Here’s why binary options trading is a queer trading system. A trade is a bet that the value of an asset will rise or fall within a fixed timeframe; in some cases, could be one minute or a mere 30 seconds. Now, ask yourself, how could a person possibly know for certain the price fluctuations of an asset without the occurrence of an economic announcement? It’s simply a game of chance; and that doesn’t fly well with the securities exchange.
But novices in the online trading business didn’t know this. Traders new to the game always want to get rich quick, making them liable to jump at sleazy adverts promising them ownership of a range of luxury cars and homes in ‘one day’. Binary options traders even went further and offered demo accounts with tons of virtual cash to get the ball rolling. And if that didn’t work, they offered gifts and discounts on high multiples of trading deposits. Like gambling, the lure to fish out cash to make more was extraordinarily rampant.
Gambling isn’t wrong, is it? No, at least not in America. But regulators were concerned about the shallow business models of many binary options trading firms. And with enough probing and investigation, they discovered that manipulation and scamming was deeply embedded into the workings of many binary options trades. Client protection was needed against these binary options providers.
Statistics Backing the Ban on Binary Options
Before you call out ESMA for their ban on binary options trading, you need to understand that there was no winning in binary options trade. First, traders lost all their stakes if the market moved against them. Second, if the market moved in their favour, they could only withdraw a paltry sum of their profits with their initial stake locked on for more trades. Thirdly, the brokers earn when the trader loses a trade. The system was truly madness.
In the first half of 2017, the City of London Police stated that about 700 people reported losing money to binary options – the amount, an estimated £18m.
The Financial Conduct Authority, in 2016, estimated that around 82% of clients trading CFDs lost an average of £2,200. With people having lost so much through CFD, a legitimate trading business, just imagine how much people lost from binary options, an illegitimate business.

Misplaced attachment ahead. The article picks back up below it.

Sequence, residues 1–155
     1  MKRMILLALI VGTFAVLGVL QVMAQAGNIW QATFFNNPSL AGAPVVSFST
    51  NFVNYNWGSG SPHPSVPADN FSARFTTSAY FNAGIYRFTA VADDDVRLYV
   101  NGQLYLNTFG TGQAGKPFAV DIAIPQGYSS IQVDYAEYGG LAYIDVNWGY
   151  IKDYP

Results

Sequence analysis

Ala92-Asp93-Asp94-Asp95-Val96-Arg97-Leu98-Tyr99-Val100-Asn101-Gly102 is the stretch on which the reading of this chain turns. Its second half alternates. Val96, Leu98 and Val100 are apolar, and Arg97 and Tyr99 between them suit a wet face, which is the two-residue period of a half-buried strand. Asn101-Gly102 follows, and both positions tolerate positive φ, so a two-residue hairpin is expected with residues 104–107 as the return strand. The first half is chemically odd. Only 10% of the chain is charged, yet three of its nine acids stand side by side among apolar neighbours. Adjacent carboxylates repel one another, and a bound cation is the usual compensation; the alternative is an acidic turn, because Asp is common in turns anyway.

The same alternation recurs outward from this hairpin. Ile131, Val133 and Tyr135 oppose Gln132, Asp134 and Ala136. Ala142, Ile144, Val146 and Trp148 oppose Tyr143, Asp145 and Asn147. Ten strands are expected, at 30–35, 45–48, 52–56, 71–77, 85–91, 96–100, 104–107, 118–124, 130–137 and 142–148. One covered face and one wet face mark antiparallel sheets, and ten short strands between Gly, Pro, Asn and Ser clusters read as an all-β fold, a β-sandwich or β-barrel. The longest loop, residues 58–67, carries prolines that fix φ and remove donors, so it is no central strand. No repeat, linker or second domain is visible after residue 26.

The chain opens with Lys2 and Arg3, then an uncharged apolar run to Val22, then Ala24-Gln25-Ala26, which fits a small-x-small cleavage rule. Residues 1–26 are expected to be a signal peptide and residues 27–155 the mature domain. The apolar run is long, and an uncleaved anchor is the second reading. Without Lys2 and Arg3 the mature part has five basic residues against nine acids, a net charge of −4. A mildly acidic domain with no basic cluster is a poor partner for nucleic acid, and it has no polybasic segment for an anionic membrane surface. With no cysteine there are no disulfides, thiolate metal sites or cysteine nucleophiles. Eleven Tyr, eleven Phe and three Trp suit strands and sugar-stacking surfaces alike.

Binary options providers or brokers were often found guilty of tweaking option contracts. One of the cases which echoed the most in public was about one of the most popular binary options trading broker called IQ Option. You can get more information about this case in our IQ Option review or in our article about IQ Option in UAE.
When a customer closed a favourable trade, they would alter the prices of the underlying asset so that profits turned to loss. Alternatively, they extended the expiration of the contract by a few seconds or minutes so that they could avoid paying winnings to successful customers. Eventually, fraudsters replicated top options brokers and collected money from prospective traders only to cease contact after receiving the money.
Stretching as far back as 2012 till now, about 2600 victims were reported to have lost over £20,000 on average.
Although the ban on binary options trading is now in effect, analysts believe it will only push the business underground. Furthermore, ESMA’s ban is slated to end after three months, with a further 3 months extension on the cards. Big social platforms like Google, Instagram, Facebook and Twitter have already imposed bans on binary options ads. Alas, if other national regulators don’t get the picture after that and impose a ban on binary options trading in their own countries, there’s no telling what its resurgence would bring.